Tokyo Rose at Southwark Playhouse
Featuring a subject rarely covered in the UK, Tokyo Rose is an ambitious musical about the life and trials of Iva Toguri, an American of Japanese descent whose complex life story saw her at the mercy of the US justice system when she stood trial for treason following World War II. While the musical itself is short of being perfect, the cast are clearly passionate about the story, and Toguri’s life is so fascinating that it’s certainly engaging, despite its flaws.
The play’s focus is mainly on the trial and wrongful conviction, which serves as a framing device to tell Toguri’s (Maya Britto) life story in retrospective. After graduating from UCLA, she moves to Japan to look after her sick aunt (Kanako Nakano), but when the war starts, she is prevented from moving back home due to her Japanese background. To stay afloat she joins Radio Tokyo, where she is tasked with demoralising American troops via a broadcast, but unbeknownst to the Japanese, she instead does her best to help them.
Toguri’s life is a fascinating one, and the musical’s general plot progression and pace are entirely on-par, making it consistently engaging and interesting. While the details of the young woman’s life aren’t always accurately represented, the general gist is there, and everything is brought alive by a powerful cast of six, who are all energetic to the core. Aside from Britto, who portrays the title role, all performers represent multiple characters, and everyone acts with bravura.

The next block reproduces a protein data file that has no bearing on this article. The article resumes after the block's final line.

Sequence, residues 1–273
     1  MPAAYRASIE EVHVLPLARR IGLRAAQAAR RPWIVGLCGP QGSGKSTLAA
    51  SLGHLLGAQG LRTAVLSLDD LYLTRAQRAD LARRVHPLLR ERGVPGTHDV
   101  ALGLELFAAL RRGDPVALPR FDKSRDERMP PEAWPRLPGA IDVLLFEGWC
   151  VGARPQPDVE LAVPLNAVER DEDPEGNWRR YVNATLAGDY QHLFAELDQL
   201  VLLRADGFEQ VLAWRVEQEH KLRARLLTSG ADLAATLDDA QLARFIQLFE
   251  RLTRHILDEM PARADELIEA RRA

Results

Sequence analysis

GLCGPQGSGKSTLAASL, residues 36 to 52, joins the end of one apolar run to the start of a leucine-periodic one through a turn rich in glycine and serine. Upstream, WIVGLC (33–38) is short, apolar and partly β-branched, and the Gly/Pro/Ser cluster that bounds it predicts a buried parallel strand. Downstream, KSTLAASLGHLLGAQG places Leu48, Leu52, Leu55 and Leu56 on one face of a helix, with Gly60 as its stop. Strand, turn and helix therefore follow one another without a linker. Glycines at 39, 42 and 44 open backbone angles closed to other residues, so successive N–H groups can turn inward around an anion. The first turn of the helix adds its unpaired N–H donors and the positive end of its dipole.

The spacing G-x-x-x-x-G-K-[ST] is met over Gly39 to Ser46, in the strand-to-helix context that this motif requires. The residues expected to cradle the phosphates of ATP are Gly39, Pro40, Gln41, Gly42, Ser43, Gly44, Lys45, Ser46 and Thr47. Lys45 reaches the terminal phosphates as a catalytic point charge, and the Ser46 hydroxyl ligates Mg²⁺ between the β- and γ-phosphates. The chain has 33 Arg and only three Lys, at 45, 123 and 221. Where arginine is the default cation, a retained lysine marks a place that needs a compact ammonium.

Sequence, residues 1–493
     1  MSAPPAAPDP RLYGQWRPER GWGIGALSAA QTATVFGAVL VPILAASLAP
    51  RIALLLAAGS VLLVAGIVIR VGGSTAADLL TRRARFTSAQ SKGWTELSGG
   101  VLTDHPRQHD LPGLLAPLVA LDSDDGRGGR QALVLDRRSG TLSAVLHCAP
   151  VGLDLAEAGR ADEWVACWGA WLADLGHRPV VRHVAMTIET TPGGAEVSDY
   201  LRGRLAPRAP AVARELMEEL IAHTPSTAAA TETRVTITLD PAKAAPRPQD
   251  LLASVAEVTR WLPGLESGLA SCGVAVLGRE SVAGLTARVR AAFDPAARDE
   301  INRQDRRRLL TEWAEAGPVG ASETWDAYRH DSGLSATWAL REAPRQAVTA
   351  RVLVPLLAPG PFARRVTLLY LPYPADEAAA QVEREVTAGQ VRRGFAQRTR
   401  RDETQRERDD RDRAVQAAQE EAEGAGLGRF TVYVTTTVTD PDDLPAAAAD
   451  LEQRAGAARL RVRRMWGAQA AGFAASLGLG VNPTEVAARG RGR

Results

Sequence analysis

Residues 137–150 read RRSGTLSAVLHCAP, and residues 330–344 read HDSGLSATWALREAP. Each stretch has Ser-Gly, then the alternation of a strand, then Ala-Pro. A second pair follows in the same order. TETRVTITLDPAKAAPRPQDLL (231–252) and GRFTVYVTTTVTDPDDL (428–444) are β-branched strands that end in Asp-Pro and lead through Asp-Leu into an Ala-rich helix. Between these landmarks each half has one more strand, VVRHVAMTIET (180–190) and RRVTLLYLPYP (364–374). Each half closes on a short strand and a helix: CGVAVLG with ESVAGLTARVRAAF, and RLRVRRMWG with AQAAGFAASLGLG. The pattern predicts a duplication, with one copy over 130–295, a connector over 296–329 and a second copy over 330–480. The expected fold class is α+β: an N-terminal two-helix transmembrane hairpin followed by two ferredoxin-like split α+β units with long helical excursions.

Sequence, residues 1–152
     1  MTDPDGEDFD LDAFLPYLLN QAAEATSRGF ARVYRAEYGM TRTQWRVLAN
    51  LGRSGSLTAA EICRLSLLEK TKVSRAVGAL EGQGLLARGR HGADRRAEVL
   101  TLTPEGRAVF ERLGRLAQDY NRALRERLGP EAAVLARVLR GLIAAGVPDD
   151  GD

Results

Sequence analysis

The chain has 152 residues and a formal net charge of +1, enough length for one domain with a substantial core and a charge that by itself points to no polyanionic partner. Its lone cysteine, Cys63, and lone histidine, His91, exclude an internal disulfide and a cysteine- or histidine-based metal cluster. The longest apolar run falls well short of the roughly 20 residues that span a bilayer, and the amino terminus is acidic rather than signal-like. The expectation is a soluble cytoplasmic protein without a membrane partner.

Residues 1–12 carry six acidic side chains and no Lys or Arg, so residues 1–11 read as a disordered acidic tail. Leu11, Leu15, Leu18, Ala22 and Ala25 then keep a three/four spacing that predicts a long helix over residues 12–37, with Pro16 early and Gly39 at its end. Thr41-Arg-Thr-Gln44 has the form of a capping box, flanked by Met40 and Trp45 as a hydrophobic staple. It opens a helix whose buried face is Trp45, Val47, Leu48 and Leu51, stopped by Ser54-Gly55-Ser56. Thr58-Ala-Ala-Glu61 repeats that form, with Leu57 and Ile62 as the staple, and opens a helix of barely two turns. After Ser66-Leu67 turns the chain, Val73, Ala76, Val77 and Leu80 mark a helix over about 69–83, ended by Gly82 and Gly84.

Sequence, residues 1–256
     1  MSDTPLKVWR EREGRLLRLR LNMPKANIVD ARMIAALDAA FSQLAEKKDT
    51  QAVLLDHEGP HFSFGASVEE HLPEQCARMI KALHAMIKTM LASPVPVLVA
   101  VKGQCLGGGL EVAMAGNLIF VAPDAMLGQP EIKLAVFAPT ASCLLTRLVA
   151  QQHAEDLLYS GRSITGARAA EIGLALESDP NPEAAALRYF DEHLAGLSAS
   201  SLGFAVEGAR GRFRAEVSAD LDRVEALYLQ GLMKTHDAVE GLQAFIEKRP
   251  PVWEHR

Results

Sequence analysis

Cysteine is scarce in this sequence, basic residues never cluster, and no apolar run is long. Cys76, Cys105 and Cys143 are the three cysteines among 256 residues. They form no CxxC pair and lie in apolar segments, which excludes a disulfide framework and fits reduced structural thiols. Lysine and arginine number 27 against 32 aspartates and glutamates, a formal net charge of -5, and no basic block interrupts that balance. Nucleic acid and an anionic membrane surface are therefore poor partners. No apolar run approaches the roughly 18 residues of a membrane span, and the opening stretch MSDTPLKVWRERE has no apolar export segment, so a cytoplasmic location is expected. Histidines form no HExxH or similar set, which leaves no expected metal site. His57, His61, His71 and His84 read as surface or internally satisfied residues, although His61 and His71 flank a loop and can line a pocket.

Although the story is compelling, the Tokyo Rose suffers a little due to a detachment of the music from the action. The songs are poppy and feel contemporary, so they don’t really speak to either the setting or the mood that the plot seems to demand at times. They do drive the story forward, but in the end they aren’t particularly memorable, save for a few exceptions – pity for an otherwise well put-together show.
Tokyo Rose is nonetheless a highly engaging piece, and it draws attention towards a woman whose story deserves to be heard outside of the usual documentary or film setting. With a good production under director Hannah Benson’s wing and a strong cast, it certainly won’t disappoint any given audience.
Photo: Steve Gregson
Tokyo Rose is at Southwark Playhouse from 23rd September until 16th October 2021. For further information or to book visit the theatre’s website here.
Watch a trailer for the production here: